So what happens is when some people…and I’ve seen this just from experiences even just moving here…when some people who try to shed that shyness, and they start meeting people, they start connecting with people, there’s a certain excitement…this excitement that they’re really not used to.
And I totally understand that, because I used to be that guy, I was like, “Oh my god, this is astounding! I want to tell everything to everybody!” What happens, though, is there’s a certain mental discipline that you have to have. And if you don’t have that, your excitement becomes very egotistical, [it] becomes very arrogant. For many of us, it’s hard enough to approach even one person to say, “I’m a game developer, and this is my game idea.”
It’s easy to talk about it, but when the time comes when you have to show it, it’s nerve-wracking for a lot of people, they’ve never had to do that before. Especially what we’re doing in our chapter, where we’re taking people out of the their comfort zone…one of the big problems in Sacramento is complacency. And where I’m from, complacency is unacceptable other than the weekend when you go drinking, clubbing, or the beach or whatever the case may be.
But here, there’s a lot of that. And I respect that, because it’s kept me at a certain calm with with things and able to approach things with a little more forethought….that’s been really, really wonderful. But again, it becomes a problem. So definitely, the ego thing, without getting into this big psychological thing, ego is the biggest thing that you need to keep at the door. Take pride in what you have, yes, but don’t tell me why your thing will be better than ours or anyone else’s, because we will knock you to the ground….you know, verbally obviously. We are doing this together because we’ve all been really friggin’ nervous to share our game idea, or even our talents, because of other people we’ve had to deal with who denied us. Our own families, who have told us, “Game development? You’re never gonna get anywhere in game development! You’re never going to get anywhere doing anything with video games.”
We’ve already had to deal with the closest people in our lives, so the last thing we need is some stranger trying to tell us, “No you can’t.” We don’t do that. We’re gonna tell you, “You can,” but…we can’t force you to believe you can. You still have to do that yourself. But we’re gonna give you the tools TO believe in yourself, just like it’s happening with me. I’m on the same level with everyone else, I operate on no pedestal, and I prefer it that way because it keeps me grounded. And it helps me help others to be the same way.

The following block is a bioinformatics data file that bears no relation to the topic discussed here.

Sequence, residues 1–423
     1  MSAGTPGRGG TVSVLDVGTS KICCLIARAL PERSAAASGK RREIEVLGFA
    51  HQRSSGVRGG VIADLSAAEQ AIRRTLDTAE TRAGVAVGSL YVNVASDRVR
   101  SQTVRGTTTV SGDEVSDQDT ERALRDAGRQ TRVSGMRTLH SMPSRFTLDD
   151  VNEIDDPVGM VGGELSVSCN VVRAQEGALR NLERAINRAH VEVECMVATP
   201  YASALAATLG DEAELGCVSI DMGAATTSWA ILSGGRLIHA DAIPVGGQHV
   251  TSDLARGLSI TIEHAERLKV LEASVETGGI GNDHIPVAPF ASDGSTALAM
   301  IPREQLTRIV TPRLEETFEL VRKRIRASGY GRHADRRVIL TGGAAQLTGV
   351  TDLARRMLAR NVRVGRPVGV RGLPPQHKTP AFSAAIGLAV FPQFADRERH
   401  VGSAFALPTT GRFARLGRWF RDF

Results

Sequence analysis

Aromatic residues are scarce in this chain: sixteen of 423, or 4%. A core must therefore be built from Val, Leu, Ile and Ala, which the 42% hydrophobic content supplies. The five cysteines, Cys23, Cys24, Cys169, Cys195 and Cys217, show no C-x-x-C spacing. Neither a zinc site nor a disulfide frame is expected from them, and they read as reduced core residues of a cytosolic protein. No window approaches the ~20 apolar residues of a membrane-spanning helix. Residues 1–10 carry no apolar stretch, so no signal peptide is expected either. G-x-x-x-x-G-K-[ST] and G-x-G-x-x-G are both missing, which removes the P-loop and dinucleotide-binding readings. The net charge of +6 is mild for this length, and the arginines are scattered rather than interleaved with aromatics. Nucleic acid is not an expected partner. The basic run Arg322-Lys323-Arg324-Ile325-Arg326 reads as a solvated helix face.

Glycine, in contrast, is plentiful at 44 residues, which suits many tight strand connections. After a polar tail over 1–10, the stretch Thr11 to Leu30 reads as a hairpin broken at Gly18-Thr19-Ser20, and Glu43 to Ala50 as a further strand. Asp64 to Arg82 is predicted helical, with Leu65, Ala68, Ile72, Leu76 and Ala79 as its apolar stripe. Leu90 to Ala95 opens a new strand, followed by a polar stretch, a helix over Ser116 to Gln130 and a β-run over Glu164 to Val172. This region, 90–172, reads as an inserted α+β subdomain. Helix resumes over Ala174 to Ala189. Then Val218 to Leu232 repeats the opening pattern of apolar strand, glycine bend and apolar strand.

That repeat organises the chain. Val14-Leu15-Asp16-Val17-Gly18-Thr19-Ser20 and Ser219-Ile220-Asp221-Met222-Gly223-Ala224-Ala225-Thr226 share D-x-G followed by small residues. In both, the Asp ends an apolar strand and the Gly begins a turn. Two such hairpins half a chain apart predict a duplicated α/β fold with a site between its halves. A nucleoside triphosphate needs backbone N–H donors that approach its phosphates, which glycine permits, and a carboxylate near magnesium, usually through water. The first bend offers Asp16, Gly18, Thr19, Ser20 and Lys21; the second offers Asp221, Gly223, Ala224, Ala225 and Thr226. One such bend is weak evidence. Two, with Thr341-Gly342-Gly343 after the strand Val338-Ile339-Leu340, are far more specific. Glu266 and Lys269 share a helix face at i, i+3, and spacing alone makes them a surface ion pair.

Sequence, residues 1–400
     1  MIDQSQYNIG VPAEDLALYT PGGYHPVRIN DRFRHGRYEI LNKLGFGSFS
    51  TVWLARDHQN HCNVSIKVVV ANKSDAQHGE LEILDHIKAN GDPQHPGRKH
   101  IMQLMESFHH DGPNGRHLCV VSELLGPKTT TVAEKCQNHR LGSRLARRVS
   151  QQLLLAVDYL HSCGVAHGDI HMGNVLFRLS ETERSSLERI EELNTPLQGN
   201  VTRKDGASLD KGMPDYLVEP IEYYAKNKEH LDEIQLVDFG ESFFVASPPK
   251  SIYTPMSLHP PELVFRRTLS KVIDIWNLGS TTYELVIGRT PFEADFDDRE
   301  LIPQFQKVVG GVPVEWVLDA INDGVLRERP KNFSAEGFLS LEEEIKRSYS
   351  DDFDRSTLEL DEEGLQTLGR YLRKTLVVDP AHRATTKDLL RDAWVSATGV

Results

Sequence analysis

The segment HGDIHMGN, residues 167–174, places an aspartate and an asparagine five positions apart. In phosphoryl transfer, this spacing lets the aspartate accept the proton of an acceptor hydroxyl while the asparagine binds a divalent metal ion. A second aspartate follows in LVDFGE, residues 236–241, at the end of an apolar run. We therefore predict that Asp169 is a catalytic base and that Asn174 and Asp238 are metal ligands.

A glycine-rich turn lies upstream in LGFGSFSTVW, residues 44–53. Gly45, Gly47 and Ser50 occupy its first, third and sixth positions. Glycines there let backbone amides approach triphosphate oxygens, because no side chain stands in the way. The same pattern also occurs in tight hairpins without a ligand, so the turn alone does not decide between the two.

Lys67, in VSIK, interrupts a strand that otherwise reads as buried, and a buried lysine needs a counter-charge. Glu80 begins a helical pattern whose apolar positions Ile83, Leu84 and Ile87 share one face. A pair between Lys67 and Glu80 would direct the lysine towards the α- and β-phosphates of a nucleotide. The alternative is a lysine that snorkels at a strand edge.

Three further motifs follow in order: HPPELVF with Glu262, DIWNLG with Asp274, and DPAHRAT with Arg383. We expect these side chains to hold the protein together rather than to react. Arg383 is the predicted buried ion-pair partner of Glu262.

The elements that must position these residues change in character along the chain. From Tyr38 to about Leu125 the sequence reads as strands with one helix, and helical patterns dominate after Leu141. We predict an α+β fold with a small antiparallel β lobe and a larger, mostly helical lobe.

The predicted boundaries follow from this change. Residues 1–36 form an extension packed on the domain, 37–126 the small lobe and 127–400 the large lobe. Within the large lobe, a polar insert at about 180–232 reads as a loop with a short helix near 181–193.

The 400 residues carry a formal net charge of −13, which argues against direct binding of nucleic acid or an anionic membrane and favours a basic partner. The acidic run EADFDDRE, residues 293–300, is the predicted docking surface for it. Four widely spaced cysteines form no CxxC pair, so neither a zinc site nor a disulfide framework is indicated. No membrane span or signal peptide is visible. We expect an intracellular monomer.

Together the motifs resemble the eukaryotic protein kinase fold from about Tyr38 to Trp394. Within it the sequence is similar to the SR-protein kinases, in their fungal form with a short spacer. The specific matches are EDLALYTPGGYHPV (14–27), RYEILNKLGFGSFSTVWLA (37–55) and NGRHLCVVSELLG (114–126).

So that’s definitely a huge, huge thing: Just keep your egos in check, and if you’re gonna come help us, come for the community. The money will come afterwards, the money will come, I can assure you! Because we all wanna make money, there’s nothing wrong with that. But if that’s your core reason for doing anything…money, popularity contest and things like that…you will fail fast, and that’s not what we’re here for. Go work at Activision, go work at EA, you’ll be fine there, maybe. Just not with us! (Laughs)
Marshall: Well Gabe, thank you so much! That was brilliant, very insightful. I can say with all honesty this has been one of our best interviews. You’ve had some of the most original and helpful comments, not just for other devs, but for anyone interested in gaming. I’ve loved all your stories and all your advice. This has been an absolute treat talking to you!
Gabriel: This means the world to me, man. Thank you.
Marshall: Thank you so much. I know we had a lot of scheduling conflicts that pushed this interview back, but it was definitely worth it.
Gabriel: This is the beauty of it! When it happens, and that’s the whole thing: We can look at time as the enemy, or we can look at it a just an unwrapped gift, and tonight was just that! It has been a very crazy couple of weeks, and it’s only the 18th, we’re only 18 days in 2016.
Gabriel: But this is by far one of the best, so I’m beyond grateful for all of this. And you guys [at Last Token Gaming] keep kicking ass, because we’re going to need you guys! People like me, we need you guys. Because when more of us start popping up, we’re gonna need you guys to keep being the way you are, because we’re gonna need it, we really are. So thank you, seriously!
Marshall: Well, we at Last Token Gaming will certainly do that! We’re already off to a good start this year, and the best is yet to come. So thank you very much again, we were joined by Gabriel Gutierrez from Nascent Games! Be sure to play his game Crumple on Newgrounds, I’ll include the link to that below, as well as links to all of his other accounts as well as IGDA Sacramento below at the end of the transcript. Thanks again Gabe, again I’m lead editor Marshall Garvey joined by Sean Willis, and we’ll see you next time on the next Last Token Gaming interview!